pay a dollar, cut a ribbon, sign something, do something, anything
to avoid the 'NOC cowboy' problem, and everything that engineer
did being tainted when he or she leaves. Ok, the CEO doesn't
have to understand how it works, she just has to think it was her
2) once in use it should require an affirmative action to disconnect
not require anyone to remember to update it. not require anyone
to reload the special software on the PC after Microsoft does
its periodic self-destruct. neglect shouldn't kill it, only
yanking the wires out of the wall or some virtual equivalent should
do it in.
3) must not be annoying, but still a pain
if it doesn't involve me, don't bother me. the 'normal'
channels should be the easiest to use. If you can't show
the normal channels failed, you shouldn't be using this.
If all else fails, it should get Someone's attention by Klaxon,
sirens, flashing lights, you name it. If you answer it, it
will shut up.
4) must be a 'visible' system
can't be buried on an individual's PC hard drive, or inside
a PBX's programming. Even if no one tells them about it, new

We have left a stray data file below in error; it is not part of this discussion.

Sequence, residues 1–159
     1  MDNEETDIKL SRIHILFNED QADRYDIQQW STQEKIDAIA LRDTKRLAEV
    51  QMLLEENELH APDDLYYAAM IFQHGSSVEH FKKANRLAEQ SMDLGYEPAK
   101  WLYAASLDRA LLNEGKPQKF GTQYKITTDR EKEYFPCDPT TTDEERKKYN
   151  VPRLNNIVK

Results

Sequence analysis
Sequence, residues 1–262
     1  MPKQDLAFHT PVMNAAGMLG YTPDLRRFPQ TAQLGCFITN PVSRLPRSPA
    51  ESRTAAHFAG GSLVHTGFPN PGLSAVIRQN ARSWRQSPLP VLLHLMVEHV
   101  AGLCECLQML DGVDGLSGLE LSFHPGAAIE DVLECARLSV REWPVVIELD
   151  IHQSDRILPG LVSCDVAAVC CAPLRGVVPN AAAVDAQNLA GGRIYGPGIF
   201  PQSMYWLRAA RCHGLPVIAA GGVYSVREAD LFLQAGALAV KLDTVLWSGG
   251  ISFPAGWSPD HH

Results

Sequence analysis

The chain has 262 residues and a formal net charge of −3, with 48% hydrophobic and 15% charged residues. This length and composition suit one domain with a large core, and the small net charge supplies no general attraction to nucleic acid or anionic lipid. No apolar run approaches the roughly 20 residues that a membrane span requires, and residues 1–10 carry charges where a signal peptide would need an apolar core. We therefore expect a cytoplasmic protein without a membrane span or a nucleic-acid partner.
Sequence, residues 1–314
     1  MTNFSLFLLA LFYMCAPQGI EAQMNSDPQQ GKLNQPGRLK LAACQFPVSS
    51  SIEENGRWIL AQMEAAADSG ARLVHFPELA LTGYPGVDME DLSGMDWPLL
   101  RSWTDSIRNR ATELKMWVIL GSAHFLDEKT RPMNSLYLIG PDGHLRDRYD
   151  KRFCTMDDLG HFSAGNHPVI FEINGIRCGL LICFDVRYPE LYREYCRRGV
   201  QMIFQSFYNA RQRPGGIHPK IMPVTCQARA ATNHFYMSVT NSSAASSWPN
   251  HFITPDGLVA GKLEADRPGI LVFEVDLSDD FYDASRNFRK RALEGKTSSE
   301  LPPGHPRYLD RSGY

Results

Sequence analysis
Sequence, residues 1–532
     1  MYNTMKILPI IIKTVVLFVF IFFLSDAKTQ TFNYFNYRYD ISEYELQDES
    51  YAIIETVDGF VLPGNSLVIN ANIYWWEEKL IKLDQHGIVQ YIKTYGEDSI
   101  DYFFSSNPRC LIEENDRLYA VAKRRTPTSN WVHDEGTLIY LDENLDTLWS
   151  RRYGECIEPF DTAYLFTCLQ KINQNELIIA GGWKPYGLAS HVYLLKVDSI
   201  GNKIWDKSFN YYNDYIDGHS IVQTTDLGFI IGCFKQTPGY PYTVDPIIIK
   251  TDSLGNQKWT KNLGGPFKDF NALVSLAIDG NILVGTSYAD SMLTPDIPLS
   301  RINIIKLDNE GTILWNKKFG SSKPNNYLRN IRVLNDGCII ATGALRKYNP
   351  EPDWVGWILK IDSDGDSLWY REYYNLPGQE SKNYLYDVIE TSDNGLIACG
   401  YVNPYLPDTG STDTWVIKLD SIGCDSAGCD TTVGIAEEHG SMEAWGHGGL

NOC engineers should trip over it in their normal course of
business (i.e. before they need it). "Hey wally, what's that
funny machine in the corner for?"
4a) preferably something pointy-haired managers can point to when
they are giving tours of the NOC
"This is CNN, and this is our inter-NOC communications link"
I thought about plugging a EAS-like box into the NOC's CNN feed,
since everyone seems to already have CNN in their NOCs. See
klaxon, siren, flashing lights above.
5) Positive ID required
Everyone (and I mean Everyone) must be able to know exactly
who (at least by organizational affiliation) is on, and off
the NOC communications net. The list of participants must be